The latest thinking on ecological landscapes. Useful tips to improve our environment

Kim Eierman

Kim Eierman

Founder of EcoBeneficial!

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The Dirt on Worms: Friend or Foe?

That seemingly harmless creature, the earthworm, revered so long as our ally in the garden, has become a foe in our forests.  Surprisingly, earthworms are not native to the Northeastern United States.  Glaciers in the Pleistocene period wiped out native earthworms in most of the Northern Continental U.S.  Explorers and settlers introduced exotic earthworms possibly as early as the 1600s.  These exotic earthworms were brought to America both intentionally and unintentionally from Europe and Asia through agriculture, horticulture and fishing.

Most gardeners cherish earthworms for aerating and improving garden soil as the worms eat and eliminate their castings into the soil.  What has been discovered over the past 20 years is the incredible destruction that invasive earthworms are causing to our forests.

Earthworms have a voracious appetite and thrive as they eat their way through the decomposing leaf litter that covers the floor of a healthy forest. The problem is, leaf litter is critical to a healthy forest system. That leaf litter, also known as forest duff, is composed of fungally-dominated organic matter which decomposes over time and slowly releases nutrients to the plants in the forest.

Leaf litter also serves as habitat for valuable native creatures, such as amphibians and invertebrates, which are extremely sensitive to disturbances in their ecosystem.  As earthworms deplete the leaf litter, they interfere with the cycling of nutrients in the forest, and cause structural changes to the native forest soils.

There is a great deal of research being conducted on this problem.  The Cary Institute of Ecosystem Studies in Millbrook, New York has been studying invasive earthworms for a number of years. Their latest study indicates that earthworms not only eat the forest leaf litter, but also may significantly increase soils’ output of 2 greenhouse gases – carbon dioxide and nitrous oxide.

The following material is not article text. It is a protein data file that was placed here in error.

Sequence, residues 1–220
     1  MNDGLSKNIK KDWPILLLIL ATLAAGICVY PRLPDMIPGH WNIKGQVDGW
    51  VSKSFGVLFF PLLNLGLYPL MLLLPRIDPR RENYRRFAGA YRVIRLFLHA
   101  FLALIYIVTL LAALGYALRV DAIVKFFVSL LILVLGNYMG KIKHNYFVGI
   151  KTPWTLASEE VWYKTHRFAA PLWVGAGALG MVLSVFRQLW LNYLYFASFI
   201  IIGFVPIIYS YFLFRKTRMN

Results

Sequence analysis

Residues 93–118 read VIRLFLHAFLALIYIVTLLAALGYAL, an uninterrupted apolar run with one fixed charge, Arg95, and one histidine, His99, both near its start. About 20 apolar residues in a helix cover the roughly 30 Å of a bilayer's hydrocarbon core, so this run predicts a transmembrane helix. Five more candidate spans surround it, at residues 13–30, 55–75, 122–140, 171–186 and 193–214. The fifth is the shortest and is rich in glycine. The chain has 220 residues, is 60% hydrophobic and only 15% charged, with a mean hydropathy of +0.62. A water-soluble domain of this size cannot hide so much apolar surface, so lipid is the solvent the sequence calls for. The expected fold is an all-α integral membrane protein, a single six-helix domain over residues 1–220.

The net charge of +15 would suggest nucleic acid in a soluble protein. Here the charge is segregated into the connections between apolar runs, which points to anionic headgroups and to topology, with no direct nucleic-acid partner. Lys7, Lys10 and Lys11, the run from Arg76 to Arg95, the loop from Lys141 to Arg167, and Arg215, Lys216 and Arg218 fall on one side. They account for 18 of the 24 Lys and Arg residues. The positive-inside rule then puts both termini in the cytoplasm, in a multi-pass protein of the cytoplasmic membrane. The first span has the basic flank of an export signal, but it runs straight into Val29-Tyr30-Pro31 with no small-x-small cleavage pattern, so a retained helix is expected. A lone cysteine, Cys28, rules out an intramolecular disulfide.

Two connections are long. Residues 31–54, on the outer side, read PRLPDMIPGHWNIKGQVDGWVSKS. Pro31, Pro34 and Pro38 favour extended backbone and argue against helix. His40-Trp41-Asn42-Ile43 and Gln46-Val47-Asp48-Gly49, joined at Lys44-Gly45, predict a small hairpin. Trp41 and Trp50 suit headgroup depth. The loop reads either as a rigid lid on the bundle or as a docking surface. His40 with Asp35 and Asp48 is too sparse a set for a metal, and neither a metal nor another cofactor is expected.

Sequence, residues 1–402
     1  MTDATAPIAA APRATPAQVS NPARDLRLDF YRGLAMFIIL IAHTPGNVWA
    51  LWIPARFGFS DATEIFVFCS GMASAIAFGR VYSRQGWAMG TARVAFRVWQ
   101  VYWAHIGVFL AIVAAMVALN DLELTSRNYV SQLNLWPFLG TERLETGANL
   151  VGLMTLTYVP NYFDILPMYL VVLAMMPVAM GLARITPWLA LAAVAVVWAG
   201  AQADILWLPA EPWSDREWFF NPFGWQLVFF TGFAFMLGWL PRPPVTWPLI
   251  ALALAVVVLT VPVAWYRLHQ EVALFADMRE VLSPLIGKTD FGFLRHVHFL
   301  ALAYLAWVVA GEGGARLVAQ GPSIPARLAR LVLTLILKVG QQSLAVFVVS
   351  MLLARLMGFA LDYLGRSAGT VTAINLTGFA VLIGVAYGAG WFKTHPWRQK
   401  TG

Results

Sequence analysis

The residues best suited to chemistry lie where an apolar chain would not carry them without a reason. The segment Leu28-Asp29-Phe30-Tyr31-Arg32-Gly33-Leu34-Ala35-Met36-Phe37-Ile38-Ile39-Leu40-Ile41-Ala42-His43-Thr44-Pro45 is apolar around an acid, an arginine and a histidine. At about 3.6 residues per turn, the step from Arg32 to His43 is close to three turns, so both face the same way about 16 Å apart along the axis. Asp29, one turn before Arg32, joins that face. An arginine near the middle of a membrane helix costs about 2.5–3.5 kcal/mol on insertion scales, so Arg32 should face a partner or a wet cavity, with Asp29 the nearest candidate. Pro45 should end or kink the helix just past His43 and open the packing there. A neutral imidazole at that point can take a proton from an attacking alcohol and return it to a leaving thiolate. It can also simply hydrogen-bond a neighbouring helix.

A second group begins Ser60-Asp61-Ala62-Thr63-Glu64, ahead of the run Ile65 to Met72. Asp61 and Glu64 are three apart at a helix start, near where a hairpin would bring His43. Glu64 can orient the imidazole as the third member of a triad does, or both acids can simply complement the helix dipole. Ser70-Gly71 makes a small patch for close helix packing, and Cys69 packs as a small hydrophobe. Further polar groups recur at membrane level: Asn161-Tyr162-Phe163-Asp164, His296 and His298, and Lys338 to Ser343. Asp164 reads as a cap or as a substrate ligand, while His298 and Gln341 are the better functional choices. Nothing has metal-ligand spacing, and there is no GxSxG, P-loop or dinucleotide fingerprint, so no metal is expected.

At Cornell University in Ithaca, New York, Dr. Bernd Blossey has also been investigating the impact of invasive earthworms.  I heard Dr. Blossey speak at a recent conference where he noted that it is earthworm density, not their presence alone, that is the problem. Dr. Blossey indicated that where earthworms are abundant, they collapse the leaf litter where seedlings try to establish.  Seedling survival is directly correlated to earthworm density.  The more earthworms, the fewer surviving seedlings.  Not good news for forest regeneration.

Once earthworms have established themselves in a forest, there is not much that can be done to suppress them.  What each of us can do is to be extremely careful not to introduce more worms.  If you go fishing, make sure not to release extra bait in your backyard!

If you make vermicompost (worm compost), be careful as well.  Vermicompost worms are used in enclosed bins and should never be released in regular compost piles.

The species of worms commonly sold for vermicomposting, Eisenia fetida, Eisenia andrei, and Lumbricus rubellis, known as red wigglers or red worms, have not been identified as a problem in our forests…. yet.   These earthworm species may not be able to survive cold winters.  But, with the great temperature fluctuations that have been occurring with climate change, we can’t be too careful.

Before adding vermicompost to your garden soil, it is advisable to freeze it first in air-tight bags for a week to kill off any remaining worms.  Just make sure everyone in the household knows what’s in the freezer!

If we can’t solve the invasive earthworm problem, at least we can avoid making it worse.

Happy Vermicomposting from Kim Eierman at EcoBeneficial!

Photo:  Earthworm: Friend or Foe?
Photo credit:  Flickr_Schizoform


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